The Girl with a Bracelet




A pleasingly competent drama from France that keeps its audience intrigued.

Girl with a Bracelet

Melissa Guers


Courtroom dramas can be thought of as a sub-genre in cinema often - but certainly not always - associated with thrillers. 1957's 12 Angry Men is still regularly cited as a prime example, and it is proof that such works can be vehicles that comment effectively on issues surrounding justice and prejudice. Indeed, films in this category can be as serious as Judgment in Nuremberg (1961) which covered the post-war trial of Nazi war criminals or as splendidly entertaining as Billy Wilder's take on Agatha Christie, Witness for the Prosecution (also 1957). However, most pieces of this kind that play in our cinemas tend to be English language works and that makes Stéphane Demoustier's The Girl with a Bracelet a rare example of a court drama that reaches us from France.


A splendidly handled opening scene plays without audible dialogue as we observe a family enjoying an outing to the beach. The group consists of Bruno and Céline Bataille (Roschdy Zem and Chiara Mastroianni) and their children, 17-year-old Lise (Melissa Guers) and 8-year-old Jules (Paul Aïssaoui-Cuvelier), and what we see is the dramatic arrival of police officers who take Lise into custody. We may not know any of the circumstances but we are fully gripped and indeed intrigued by what we see in this pre-credit sequence which leads straight into the main narrative which takes place two years later.


We quickly realise that Lise is awaiting trial (it is a neat touch that the bracelet of the title turns out to be not a trinket but an electronic bracelet that she is required to wear having been allowed to continue to live at home pending the hearing). A serious crime has been committed, but it is a while before we learn what it was and why Lise has been charged. The less said here about the plot the better since the film should be left to make its own revelations and to raise its own questions. Once the court proceedings begin they take a central role, but the film is also about family life and the way in which parents may not altogether know their own children. What emerges in court includes sexual subject matter (to that extent the film of which I was most reminded was Otto Preminger's Anatomy of a Murder of 1959) but what really counts here, aside from the family portrait, comprises two elements. We are held by the revelations as to what really happened which come out in stages and we are increasingly caught up by the question of whether or not Lise is guilty as charged.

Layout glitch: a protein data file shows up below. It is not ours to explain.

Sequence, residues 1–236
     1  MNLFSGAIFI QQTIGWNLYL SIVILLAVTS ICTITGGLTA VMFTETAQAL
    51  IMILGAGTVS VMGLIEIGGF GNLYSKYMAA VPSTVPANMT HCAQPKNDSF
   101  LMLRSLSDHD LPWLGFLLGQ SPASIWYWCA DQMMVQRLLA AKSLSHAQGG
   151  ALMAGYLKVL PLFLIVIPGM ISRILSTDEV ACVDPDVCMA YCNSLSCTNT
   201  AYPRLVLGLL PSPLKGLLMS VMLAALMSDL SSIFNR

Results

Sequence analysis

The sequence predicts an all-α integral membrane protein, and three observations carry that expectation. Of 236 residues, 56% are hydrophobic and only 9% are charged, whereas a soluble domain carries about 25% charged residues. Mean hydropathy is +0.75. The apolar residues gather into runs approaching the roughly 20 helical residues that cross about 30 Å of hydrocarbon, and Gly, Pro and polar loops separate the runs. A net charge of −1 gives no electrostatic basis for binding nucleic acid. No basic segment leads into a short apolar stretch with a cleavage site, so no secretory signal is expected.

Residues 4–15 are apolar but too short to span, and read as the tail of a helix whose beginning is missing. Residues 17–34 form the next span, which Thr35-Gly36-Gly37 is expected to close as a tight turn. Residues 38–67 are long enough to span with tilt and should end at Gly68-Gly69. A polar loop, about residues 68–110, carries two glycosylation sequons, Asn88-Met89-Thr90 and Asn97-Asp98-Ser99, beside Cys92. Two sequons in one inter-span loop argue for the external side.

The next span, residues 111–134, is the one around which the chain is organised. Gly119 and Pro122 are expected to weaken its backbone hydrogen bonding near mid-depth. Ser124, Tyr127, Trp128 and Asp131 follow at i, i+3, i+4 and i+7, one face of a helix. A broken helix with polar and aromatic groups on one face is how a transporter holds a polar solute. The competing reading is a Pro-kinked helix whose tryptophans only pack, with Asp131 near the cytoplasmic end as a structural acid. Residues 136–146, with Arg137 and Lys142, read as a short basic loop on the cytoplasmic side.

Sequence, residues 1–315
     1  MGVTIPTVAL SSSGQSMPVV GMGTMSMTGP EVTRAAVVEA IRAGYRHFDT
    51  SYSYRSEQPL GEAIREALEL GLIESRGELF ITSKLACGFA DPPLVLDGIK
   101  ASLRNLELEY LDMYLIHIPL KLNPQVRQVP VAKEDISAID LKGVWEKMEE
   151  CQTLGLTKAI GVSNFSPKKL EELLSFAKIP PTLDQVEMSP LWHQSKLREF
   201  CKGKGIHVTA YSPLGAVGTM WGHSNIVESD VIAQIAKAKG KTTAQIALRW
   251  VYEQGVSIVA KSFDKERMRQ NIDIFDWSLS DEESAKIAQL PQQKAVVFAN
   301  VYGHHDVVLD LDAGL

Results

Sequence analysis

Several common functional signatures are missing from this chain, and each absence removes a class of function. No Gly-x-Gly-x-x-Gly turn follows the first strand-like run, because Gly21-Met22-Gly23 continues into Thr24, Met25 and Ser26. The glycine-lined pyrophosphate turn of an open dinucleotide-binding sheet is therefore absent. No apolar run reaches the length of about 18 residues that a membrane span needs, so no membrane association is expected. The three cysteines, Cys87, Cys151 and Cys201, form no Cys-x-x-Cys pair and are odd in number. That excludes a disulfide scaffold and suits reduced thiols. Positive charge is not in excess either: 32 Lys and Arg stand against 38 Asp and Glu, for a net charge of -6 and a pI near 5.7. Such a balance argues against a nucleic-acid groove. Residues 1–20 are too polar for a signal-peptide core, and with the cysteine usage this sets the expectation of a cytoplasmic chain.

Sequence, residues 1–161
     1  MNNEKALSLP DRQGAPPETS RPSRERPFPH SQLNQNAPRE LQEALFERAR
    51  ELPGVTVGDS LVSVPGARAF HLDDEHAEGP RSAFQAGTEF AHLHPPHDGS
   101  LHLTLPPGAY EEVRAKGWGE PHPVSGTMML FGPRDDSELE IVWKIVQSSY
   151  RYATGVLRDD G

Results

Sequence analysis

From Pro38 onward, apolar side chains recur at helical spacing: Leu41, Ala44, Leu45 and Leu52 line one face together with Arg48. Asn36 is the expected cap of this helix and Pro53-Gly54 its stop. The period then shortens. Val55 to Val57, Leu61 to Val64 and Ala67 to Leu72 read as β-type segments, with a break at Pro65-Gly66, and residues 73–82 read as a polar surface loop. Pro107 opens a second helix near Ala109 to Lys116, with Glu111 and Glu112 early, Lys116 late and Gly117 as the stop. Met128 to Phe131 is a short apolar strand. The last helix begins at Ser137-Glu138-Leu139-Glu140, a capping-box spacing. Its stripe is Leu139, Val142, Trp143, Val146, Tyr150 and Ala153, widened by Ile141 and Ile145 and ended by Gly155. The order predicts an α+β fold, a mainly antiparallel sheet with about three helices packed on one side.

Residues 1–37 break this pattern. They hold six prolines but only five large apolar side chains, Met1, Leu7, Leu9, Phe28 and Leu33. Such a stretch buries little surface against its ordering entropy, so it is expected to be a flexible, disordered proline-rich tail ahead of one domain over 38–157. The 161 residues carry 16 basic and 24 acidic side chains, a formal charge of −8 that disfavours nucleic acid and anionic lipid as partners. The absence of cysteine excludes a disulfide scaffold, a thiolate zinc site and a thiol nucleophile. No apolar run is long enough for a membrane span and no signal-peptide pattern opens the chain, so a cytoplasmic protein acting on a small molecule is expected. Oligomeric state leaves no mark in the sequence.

On its own terms, The Girl with a Bracelet works well. It avoids becoming over-melodramatic and it is well played (Mastroianni's role, not quite as subsidiary as her billing might suggest, makes an admirable contrast to her more showy part in the recent On a Magical Night). This is not a film that will end up on any list of cinema's best courtroom dramas, but it is a thoroughly professional piece that should satisfy its audience.


Original title: La fille au bracelet.




Cast: Roschdy Zem, Melissa Guers, Chiara Mastroianni, Anaïs Demoustier, Annie Mercier, Victoria Jadot, Pascal Garbarini, Paul Aïssaoui-Cuvelier, Anne Paulicevich, Mikaël Halimi, Léo Moreau.


Dir Stéphane Demoustier, Pro Jean des Forêts, Screenplay Stephane Démoustier, based on the script of Acusada by Ulises Porra and Gonzalo Tobal, Ph Sylvain Verdet, Art Dir Catherine Cosme, Ed Damien Maestraggi, Music Carla Pallone, Costumes Anne-Sophie Gledhill.


Petit Film/France 3 Cinéma/ Frakas Productions/Rei Cine/Canal+/Ciné+-Curzon Artificial Eye.
95 mins. France/Belgium. 2019. Rel: 26 June 2020. Available on Curzon Home Cinema. No Cert.